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Advocates seek changes to Duke Energy’s charter

The Asheville power plant is Duke Energy’s largest electric generating facility in western North Carolina.
The Asheville power plant is Duke Energy’s largest electric generating facility in western North Carolina.

A Durham advocacy group asked Attorney General Roy Cooper on Wednesday to take legal action to amend Duke Energy’s corporate charter, citing Duke’s contributions to climate change among other claims.

NC WARN, a frequent critic of Duke, said the state constitution and general statutes allow corporate charters to be amended. WARN filed the “emergency complaint” on behalf of itself and six other groups.

“The attorney general has the authority to intervene on behalf of the people of North Carolina in order to police any corporation that abuses its power and recklessly endangers peoples’ lives and economic well-being,” the complaint said.

Duke responded by calling the complaint a “nuisance filing that drains taxpayer dollars and chews up state resources.”

“This is the latest in a string of meritless allegations and gimmicks by NC WARN that are consistently rejected by regulators and an informed public,” spokeswoman Paige Sheehan said. “It’s unfortunate when discussions of our energy future are clouded by misinformation.”

Noelle Talley of the attorney general’s staff said, “Our office will review the group’s submission.”

WARN said Charlotte-based Duke is the largest emitter of carbon dioxide, the gas linked to climate change, among U.S. utilities.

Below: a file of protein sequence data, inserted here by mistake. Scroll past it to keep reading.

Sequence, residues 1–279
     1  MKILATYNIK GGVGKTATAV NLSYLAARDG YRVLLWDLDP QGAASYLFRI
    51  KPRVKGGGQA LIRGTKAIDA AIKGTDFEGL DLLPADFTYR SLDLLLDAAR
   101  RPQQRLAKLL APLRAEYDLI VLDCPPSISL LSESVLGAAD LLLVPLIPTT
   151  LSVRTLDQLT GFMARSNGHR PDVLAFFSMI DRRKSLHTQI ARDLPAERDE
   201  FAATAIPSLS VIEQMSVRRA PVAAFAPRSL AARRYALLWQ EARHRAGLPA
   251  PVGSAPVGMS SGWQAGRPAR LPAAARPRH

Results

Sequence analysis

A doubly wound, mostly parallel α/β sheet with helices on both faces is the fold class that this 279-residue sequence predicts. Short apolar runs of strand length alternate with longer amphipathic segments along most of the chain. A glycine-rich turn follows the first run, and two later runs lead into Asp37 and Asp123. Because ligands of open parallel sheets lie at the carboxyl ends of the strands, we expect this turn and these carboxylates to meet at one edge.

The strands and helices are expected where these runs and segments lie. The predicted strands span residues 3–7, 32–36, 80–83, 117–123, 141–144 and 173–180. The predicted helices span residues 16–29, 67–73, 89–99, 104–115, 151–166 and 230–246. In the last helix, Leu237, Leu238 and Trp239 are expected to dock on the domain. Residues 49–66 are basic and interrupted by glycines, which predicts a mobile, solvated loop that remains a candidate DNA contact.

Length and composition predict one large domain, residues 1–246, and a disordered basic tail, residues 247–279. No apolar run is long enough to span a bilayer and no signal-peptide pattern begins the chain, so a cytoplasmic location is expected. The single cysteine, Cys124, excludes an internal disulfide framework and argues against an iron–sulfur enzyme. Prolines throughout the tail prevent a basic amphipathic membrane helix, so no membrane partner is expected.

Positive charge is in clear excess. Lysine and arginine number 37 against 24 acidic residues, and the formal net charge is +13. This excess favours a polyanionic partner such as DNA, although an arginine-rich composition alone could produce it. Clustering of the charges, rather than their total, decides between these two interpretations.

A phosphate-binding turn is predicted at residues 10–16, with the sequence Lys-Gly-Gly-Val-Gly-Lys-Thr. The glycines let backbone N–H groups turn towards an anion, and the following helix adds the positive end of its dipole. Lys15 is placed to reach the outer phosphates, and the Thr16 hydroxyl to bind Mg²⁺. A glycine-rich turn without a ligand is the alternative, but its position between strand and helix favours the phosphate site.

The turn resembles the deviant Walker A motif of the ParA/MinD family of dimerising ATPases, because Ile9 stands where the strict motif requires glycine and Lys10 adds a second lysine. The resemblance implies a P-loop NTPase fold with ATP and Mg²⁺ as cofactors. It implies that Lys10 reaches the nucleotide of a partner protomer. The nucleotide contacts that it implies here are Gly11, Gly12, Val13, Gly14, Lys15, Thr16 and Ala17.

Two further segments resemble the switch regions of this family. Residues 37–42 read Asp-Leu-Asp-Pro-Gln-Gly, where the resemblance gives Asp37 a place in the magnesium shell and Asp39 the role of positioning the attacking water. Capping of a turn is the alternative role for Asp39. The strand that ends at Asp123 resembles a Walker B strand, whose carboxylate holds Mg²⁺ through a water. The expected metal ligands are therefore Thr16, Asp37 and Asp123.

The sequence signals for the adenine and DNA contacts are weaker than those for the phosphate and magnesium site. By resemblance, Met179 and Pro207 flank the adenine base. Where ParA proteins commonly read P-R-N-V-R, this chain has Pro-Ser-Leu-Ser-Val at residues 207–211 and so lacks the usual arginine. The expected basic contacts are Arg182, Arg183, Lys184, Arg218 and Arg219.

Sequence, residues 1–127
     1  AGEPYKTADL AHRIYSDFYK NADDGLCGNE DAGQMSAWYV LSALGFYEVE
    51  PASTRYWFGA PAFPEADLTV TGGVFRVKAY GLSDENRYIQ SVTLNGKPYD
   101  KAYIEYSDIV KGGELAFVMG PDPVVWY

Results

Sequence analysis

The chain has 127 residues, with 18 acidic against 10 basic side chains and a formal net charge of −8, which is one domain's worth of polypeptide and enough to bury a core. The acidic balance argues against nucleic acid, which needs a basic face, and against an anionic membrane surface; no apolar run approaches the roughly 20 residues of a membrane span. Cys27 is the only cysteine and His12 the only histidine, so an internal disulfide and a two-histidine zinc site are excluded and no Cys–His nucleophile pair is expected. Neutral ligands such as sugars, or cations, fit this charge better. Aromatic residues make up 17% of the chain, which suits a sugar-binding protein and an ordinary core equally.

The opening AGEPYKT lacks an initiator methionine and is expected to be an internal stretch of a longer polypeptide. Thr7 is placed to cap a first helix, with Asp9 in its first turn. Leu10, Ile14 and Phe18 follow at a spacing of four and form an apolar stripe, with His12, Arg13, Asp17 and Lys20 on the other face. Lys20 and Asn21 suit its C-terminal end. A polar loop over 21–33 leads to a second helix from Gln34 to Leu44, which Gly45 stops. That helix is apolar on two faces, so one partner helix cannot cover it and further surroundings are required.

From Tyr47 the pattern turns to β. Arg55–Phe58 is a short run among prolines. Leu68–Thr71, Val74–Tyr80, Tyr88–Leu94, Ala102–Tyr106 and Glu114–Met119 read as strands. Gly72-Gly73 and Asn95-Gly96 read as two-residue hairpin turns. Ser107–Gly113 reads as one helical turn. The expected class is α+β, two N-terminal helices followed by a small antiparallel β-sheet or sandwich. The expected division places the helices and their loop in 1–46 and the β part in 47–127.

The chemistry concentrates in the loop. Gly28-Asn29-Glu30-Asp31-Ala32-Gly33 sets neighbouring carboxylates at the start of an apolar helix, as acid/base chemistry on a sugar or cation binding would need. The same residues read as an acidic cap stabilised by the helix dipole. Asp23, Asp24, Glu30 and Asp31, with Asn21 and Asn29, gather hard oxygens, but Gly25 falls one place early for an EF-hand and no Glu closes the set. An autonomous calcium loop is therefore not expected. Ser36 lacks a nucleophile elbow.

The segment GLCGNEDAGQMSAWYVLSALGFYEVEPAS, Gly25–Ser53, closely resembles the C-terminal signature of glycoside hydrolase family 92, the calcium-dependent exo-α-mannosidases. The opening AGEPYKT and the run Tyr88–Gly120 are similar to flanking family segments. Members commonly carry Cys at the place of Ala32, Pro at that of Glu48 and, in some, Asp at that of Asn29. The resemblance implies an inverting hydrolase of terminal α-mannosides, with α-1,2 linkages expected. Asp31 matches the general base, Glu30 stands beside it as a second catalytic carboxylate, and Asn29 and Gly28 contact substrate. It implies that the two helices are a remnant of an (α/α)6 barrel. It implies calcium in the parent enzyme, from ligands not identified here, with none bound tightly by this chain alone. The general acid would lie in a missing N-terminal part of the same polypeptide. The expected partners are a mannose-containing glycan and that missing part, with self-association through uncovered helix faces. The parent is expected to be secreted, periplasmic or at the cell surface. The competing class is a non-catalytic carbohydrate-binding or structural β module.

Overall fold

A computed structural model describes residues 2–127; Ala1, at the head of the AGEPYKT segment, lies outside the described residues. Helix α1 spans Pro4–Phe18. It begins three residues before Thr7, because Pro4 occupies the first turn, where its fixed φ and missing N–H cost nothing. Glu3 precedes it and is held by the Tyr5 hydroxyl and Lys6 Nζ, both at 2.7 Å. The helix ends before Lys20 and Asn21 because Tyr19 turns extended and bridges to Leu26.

The group also claimed that Duke exhibits a “persistent pattern of criminal activity,” including $102 million the company paid to settle federal charges over its 2014 coal ash spill into the Dan River.

It said Duke is a polluter, works against the interest of low-income customers, blocks development of renewable energy and uses its influence to control political debate.

The complaint asked the attorney general’s staff to seek three amendments to Duke’s corporate charter.

The amendments WARN seeks would: Phase out the remaining seven coal-fired power plants still operating in the state by 2020; stop Duke from what WARN called blocking competition in the state; and prohibit Duke from making political contributions and “backroom deals” to assert political influence.

Duke defended its work to reduce emissions and develop clean energy.

“Duke Energy does more to advance renewable energy and environmental protection in a day than NC WARN has in its lifetime,” Sheehan said.

The company said it has invested $4 billion in solar and wind energy. It has retired 4,400 megawatts of coal-fired generation and reduced carbon emissions by 20 percent, sulfur dioxide by 85 percent and nitrogen oxides by 64 percent since 2005.

About 58,000 consumers have received energy-efficiency improvements through Duke’s programs for low-income customers, the company said.

Bruce Henderson: 704-358-5051, @bhender

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